Chapter

The “Feminization of Famine” and the Feminization of Nationalism

Kathryn Edgerton-Tarpley

in Tears from Iron

Published by University of California Press

Published in print February 2008 | ISBN: 9780520253025
Published online March 2012 | e-ISBN: 9780520934221 | DOI: http://dx.doi.org/10.1525/california/9780520253025.003.0009
The “Feminization of Famine” and the Feminization of Nationalism

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During the Incredible Famine not only local literati in Shanxi but also Chinese journalists and philanthropists in treaty-port Shanghai engaged in what Margaret Kelleher calls a “feminization of famine,” or the representation of famine and its effects through images of women. The scale of the trafficking in women during the famine shocked Chinese as well as foreign relief workers and highlighted the unstable place women occupied in the Confucian order, according to which women were feared to be the weakest link in the family. The plight of women during the famine rapidly became an issue around which wider debates about Chinese state and society coalesced.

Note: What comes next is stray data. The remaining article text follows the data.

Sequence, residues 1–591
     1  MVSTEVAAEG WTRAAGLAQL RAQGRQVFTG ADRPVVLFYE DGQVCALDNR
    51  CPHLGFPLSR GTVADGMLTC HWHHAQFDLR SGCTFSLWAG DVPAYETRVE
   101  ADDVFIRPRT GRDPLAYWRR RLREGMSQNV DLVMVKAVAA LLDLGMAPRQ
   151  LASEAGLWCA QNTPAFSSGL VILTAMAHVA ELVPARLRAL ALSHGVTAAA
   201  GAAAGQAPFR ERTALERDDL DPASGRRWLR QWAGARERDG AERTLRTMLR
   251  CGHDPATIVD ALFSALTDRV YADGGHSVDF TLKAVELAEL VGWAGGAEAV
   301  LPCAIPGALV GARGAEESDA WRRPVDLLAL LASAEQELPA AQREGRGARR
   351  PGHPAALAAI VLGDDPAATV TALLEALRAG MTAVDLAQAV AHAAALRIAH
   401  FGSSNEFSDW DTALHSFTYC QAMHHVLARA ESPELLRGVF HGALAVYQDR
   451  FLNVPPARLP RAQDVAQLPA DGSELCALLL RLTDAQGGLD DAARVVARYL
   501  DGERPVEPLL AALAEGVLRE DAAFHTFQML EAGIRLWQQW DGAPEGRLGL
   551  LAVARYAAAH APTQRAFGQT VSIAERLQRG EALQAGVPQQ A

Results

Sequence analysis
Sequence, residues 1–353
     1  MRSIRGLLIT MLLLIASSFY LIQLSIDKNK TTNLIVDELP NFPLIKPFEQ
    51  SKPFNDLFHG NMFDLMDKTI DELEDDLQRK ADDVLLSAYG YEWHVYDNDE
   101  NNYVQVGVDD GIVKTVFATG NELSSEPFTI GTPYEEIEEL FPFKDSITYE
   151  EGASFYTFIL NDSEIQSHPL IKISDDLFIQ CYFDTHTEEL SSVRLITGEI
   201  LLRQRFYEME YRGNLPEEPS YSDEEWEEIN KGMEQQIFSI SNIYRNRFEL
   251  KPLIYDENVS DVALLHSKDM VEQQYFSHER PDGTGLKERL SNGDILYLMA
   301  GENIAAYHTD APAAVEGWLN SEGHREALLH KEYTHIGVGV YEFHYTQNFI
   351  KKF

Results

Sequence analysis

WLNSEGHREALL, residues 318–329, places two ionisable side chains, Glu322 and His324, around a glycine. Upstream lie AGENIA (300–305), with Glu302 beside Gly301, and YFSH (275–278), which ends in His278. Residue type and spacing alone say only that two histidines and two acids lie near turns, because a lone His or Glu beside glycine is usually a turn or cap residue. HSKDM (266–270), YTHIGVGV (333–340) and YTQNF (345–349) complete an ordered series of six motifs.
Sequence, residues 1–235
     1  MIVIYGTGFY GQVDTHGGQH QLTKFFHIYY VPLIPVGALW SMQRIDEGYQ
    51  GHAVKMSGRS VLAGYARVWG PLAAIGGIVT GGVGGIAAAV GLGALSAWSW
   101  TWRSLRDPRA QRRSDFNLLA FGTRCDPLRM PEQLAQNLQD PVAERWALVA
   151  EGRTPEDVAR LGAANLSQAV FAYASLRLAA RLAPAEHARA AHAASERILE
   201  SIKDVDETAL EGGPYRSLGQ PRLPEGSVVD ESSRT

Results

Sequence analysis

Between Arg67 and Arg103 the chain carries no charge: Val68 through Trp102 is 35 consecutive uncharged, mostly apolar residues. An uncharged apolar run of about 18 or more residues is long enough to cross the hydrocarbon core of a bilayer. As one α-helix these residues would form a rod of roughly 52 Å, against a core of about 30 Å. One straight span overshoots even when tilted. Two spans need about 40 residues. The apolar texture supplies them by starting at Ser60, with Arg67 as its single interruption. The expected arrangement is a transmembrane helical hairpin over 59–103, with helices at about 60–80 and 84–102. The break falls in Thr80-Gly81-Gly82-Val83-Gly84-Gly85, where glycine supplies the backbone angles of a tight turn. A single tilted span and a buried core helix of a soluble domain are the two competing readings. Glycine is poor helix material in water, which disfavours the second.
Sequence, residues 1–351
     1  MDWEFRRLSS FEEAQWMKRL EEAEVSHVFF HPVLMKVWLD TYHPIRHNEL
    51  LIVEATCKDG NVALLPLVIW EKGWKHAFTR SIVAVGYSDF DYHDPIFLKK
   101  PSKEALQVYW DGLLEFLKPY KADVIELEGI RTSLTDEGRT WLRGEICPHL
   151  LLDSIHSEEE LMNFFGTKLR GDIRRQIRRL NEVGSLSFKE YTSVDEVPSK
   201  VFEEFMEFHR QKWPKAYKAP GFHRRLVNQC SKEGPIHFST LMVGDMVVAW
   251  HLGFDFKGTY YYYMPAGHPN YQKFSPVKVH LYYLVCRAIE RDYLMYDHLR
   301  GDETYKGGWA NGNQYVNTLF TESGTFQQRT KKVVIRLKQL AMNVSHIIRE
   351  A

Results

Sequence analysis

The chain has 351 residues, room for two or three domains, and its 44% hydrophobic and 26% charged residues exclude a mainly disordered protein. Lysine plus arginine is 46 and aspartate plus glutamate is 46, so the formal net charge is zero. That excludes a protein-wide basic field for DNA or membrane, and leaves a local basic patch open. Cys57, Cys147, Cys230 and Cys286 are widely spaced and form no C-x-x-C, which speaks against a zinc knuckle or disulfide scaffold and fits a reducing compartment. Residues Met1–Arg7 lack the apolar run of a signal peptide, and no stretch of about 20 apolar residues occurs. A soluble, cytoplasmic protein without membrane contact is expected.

Keywords: Incredible Famine; -port Shanghai; Chinese journalists; Margaret Kelleher; human trafficking

Chapter.  8062 words.  Illustrated.

Subjects: Asian History

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